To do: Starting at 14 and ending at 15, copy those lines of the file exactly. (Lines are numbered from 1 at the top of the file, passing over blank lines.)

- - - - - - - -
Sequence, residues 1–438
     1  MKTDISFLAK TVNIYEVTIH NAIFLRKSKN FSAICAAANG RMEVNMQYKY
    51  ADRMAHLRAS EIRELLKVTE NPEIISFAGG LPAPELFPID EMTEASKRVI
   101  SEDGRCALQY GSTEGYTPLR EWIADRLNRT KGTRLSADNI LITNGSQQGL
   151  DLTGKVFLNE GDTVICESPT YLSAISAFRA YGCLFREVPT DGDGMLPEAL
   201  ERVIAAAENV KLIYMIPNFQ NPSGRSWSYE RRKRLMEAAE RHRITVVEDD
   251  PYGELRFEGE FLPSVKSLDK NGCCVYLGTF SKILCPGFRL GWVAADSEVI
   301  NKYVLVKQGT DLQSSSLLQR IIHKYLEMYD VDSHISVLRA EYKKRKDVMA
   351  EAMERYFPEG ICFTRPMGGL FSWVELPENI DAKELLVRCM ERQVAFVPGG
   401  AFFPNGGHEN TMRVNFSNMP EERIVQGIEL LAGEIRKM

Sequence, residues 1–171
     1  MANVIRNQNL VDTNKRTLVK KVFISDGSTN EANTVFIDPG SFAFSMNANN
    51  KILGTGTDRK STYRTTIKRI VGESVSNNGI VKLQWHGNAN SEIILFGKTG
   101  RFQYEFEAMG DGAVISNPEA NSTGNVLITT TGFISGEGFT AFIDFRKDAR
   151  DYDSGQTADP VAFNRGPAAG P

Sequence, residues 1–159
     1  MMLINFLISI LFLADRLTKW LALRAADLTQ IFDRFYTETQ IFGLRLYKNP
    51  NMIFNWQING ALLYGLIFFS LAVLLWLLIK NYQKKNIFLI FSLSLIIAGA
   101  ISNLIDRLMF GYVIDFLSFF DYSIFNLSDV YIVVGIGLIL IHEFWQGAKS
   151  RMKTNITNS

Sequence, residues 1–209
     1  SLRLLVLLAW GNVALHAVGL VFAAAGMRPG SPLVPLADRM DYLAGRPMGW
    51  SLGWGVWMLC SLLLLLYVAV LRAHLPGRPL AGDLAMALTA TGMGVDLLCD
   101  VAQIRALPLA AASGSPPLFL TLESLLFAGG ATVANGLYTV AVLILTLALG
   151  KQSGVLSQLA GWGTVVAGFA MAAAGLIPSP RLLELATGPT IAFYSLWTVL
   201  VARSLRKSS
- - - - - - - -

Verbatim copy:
   101  RFQYEFEAMG DGAVISNPEA NSTGNVLITT TGFISGEGFT AFIDFRKDAR
   151  DYDSGQTADP VAFNRGPAAG P